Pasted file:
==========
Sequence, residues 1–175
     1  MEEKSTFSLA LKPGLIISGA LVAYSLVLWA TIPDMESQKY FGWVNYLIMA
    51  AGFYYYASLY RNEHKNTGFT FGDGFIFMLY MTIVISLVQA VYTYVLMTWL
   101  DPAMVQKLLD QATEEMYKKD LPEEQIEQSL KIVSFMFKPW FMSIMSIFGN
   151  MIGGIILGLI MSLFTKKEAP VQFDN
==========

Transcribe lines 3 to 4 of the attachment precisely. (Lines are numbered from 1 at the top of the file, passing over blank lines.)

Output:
    51  AGFYYYASLY RNEHKNTGFT FGDGFIFMLY MTIVISLVQA VYTYVLMTWL
   101  DPAMVQKLLD QATEEMYKKD LPEEQIEQSL KIVSFMFKPW FMSIMSIFGN